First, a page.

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Intel's eighth-gen Core processors with Radeon RX Vega M graphics revealed

The enemy of my enemy is my frenemy

Cheese and crackers. Coffee and cream. Intel and AMD wouldn't normally fit onto lists of two great tastes that taste great together, but the eighth-generation Intel G-series processors and their blend of blue-team CPU cores and red-team graphics might force a rethink as they launch this evening.

The way Intel sees it, the G-series CPU and GPU combo bridges an implementation divide that's long existed between its 15 W U-series CPUs for thin-and-light notebooks and its 45 W H-series CPUs for high-performance notebooks. The obvious benefit of U-series CPUs in 15 W TDPs is that buyers can get the highest possible Intel CPU performance in ultra-portable machines, while H-series CPUs in 35 W and 45 W thermal envelopes provide the necessary muscle to chew through demanding computing tasks and feed high-end discrete graphics processors. Notebook buyers who want a machine that can do it all have generally had to accept higher noise, lower battery life, thicker chassis, and lots of heat production thanks to the power demands of high-performance discrete components.

The complete eighth-gen Core G-series package. Source: Intel

Intel's vision for its G-series CPUs, then, is to give OEMs a way to build a thin-and-light notebook that's closer in performance to bulkier systems with discrete graphics cards that typify the homes of current H-series CPUs. To do that, Intel G-series CPU packages join a high-performance, eighth-generation H-series CPU die with a semi-custom AMD Radeon graphics processor built for Intel called Radeon RX Vega M. Vega M is remarkable not only because it's integrated on-package with an Intel CPU, but also because it's the first midrange graphics implementation of the Vega architecture that we've seen so far.

GTX 1060 3 GB 1506 1708 48 72 1152 192 192 GB/s 3 GB 185 W
GTX 1060 6GB 1506 1708 48 80 1280 192 192 GB/s 6 GB 120 W
RX Vega M GH 1063 1190 64 96 1536 1024 205 GB/s 4 GB --
GTX 1050 1354 1455 32 40 640 128 112 GB/s 2 GB 75 W
GTX 1050 Ti 1290 1392 32 48 768 128 112 GB/s 4 GB 75 W
RX Vega M GL 931 1011 32 80 1280 1024 179 GB/s 4 GB --
RX 560 (1024 SP) 1175 1275 16 64 1024 128 112 GB/s 2 GB/4 GB 80 W
RX 570 1168 1244 32 128 2048 256 224 GB/s 4 GB 150 W

Intel will ship Vega M graphics processors in two forms. The entry-level member of this family, Radeon Vega M GL, will accompany the trio of Core i5 G processors launching today. This chip features 20 Radeon Vega compute units, for a total of 1280 stream processors. Alongside that shader engine, the Vega M GL offers 80 texturing units and four geometry engines, and its ROPs can output 32 pixels per clock. The M GL will run at a base clock of 931 MHz and a boost clock of 1011 MHz.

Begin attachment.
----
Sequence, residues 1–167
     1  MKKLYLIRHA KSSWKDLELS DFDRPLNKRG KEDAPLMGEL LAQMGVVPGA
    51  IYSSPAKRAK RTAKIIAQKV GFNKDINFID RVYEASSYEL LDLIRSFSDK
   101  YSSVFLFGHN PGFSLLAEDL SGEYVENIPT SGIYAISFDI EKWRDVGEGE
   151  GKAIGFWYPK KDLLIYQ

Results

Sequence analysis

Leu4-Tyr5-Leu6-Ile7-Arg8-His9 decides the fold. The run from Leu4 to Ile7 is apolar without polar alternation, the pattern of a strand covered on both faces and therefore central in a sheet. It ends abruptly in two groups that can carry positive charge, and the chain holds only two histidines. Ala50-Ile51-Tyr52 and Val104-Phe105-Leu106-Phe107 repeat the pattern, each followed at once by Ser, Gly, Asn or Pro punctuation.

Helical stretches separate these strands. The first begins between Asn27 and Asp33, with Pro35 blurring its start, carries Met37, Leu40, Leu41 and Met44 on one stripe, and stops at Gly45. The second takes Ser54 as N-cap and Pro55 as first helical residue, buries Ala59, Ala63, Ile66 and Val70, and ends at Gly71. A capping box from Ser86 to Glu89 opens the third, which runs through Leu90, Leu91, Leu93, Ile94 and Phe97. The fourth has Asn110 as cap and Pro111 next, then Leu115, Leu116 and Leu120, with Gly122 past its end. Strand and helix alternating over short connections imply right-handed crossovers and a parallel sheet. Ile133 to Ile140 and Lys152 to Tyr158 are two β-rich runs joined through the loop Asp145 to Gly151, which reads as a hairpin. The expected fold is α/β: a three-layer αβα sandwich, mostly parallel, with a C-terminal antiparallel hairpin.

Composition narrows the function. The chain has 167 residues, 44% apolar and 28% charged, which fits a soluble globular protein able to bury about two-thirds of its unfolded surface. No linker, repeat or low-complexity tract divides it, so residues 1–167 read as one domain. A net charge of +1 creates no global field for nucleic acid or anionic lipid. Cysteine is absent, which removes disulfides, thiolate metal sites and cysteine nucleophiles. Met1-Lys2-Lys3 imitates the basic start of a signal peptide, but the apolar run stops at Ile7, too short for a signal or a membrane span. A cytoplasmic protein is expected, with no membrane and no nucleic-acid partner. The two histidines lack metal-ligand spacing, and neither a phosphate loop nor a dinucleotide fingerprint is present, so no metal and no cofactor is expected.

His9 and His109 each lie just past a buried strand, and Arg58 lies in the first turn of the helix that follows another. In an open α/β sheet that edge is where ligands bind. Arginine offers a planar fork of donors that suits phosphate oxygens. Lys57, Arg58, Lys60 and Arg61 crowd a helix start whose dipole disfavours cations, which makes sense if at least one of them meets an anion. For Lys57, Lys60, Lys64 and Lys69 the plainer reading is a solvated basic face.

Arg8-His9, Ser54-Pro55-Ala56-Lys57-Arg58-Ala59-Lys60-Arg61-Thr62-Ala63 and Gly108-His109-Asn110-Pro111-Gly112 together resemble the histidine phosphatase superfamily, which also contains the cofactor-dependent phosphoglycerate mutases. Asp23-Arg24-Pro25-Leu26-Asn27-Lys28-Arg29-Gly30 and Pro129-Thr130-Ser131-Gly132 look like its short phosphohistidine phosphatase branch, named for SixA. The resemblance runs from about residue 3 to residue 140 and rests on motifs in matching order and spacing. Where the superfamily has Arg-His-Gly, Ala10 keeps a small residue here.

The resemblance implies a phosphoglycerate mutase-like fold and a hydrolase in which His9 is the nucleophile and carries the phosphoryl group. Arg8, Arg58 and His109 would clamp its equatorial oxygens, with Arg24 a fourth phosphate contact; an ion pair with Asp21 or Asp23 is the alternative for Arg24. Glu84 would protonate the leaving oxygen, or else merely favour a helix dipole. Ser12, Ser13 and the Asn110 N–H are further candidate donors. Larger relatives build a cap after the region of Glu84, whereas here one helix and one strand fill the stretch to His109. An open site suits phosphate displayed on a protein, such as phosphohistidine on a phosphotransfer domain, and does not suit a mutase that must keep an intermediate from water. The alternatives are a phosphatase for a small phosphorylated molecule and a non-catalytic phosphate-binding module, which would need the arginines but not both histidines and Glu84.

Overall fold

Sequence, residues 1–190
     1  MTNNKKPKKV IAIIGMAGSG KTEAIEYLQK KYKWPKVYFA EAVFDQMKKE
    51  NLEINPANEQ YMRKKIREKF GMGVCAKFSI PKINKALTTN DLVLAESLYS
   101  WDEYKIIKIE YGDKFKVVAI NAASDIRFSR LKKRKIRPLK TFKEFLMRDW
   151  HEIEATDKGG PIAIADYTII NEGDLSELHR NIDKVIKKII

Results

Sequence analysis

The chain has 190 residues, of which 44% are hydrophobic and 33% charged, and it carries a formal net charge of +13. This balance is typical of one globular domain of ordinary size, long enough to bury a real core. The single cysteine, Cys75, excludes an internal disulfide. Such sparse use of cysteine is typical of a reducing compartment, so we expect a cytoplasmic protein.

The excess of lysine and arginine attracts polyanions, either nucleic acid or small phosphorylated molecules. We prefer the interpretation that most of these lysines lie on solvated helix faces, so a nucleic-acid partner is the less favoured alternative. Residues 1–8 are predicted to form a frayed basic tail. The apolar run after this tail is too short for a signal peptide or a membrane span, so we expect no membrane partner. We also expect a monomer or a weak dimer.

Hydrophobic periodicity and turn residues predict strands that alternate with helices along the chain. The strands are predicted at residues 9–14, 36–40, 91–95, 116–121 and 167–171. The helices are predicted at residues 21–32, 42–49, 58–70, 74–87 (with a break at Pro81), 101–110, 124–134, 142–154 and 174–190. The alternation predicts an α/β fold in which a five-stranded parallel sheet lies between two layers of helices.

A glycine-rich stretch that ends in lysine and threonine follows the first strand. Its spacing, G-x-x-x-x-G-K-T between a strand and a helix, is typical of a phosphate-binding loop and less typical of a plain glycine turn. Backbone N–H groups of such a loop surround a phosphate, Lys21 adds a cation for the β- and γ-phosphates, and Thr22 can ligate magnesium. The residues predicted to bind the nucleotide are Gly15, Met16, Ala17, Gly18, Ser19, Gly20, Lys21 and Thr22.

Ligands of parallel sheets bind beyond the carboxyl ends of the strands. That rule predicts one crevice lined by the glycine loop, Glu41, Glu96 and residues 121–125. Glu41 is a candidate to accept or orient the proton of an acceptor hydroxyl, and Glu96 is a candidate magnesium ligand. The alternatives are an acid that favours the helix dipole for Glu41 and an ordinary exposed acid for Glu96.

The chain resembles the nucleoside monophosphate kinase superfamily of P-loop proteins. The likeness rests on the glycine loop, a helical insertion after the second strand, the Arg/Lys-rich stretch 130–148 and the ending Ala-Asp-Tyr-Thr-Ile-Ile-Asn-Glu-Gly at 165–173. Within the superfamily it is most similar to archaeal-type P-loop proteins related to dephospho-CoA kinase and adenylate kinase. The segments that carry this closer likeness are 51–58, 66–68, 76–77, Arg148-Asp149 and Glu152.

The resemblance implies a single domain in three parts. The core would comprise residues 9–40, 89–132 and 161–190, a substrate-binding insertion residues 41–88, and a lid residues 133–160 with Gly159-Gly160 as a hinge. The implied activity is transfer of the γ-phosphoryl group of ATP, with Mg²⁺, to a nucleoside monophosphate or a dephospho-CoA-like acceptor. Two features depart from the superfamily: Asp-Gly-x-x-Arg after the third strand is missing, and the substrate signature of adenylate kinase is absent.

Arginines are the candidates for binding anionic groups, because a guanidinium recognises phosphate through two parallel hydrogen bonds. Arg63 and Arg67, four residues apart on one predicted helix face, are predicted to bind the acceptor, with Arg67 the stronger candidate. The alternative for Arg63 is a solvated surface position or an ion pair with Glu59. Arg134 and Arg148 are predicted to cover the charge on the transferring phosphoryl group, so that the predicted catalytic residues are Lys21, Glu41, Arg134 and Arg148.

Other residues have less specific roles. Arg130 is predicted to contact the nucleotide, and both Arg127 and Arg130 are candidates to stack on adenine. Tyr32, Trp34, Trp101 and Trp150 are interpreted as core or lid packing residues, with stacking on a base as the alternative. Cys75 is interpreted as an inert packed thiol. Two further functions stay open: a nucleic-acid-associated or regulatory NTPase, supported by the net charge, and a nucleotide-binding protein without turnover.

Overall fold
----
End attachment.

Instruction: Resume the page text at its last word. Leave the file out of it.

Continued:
The higher-performance Radeon Vega M GH will accompany the duo of Core i7 CPUs in the G series. This potent GPU offers 1536 stream processors across 24 Vega compute units, 96 texture units, four geometry engines, and it can output 64 ROP pixels per clock. Intel specifies this part for a base clock of 1063 MHz and a boost clock of 1190 MHz.

Both Radeon Vega M chips are joined with a single stack of HBM2 RAM with a 1024-bit-wide memory bus. Until recently, joining HBM2 with another chip has involved placing those components together on a silicon interposer—a design requirement that's more expensive, more complex, and more restrictive than joining components together on the same PCB.

The Intel G-series CPU package takes a different approach for joining HBM2 with the GPU. It's the first Intel consumer product to use the company's Embedded Multi-Die Interconnect Bridge (EMIB) technology, a data-only connection that allows two chips to be placed extremely close together on package with high signal integrity and high bandwidth.

An EMIB is, in short, a small piece of silicon that's embedded into the underlying package. This sliver of silicon has a number of routing layers inside that can be used to connect two discrete components over very short distances and with very high interconnect density. In this case, the HBM2 RAM uses a single EMIB to communicate with the Vega M GPU. On top of its less-complex implementation, using an EMIB reduces the overall height of the processor package—a critical point in the never-ending race toward thinner and lighter notebooks. Intel says building this same chip on an interposer would result in a significantly thicker package.

Intel clocks the 4 GB of HBM2 RAM paired with the Vega M GL chip at an effective 1.4 Gbps for peak aggregate bandwidth of 179 GB/s. The Vega M GH chip gets a higher-speed 4-GB slice of HBM2 running at 1.6 Gbps for aggregate bandwidth of 205 GB/s. Unlike the custom memory controller of AMD's Raven Ridge APUs, Vega M retains the Vega architecture's high-bandwidth cache controller for communication with the HBM2 stack.

The RX Vega M GPU, in turn, is connected to the CPU by eight PCIe 3.0 lanes from that chip. Platform engineers can then choose to allocate the remaining eight PCIe lanes from the CPU to platform devices like M.2 slots or Thunderbolt controllers.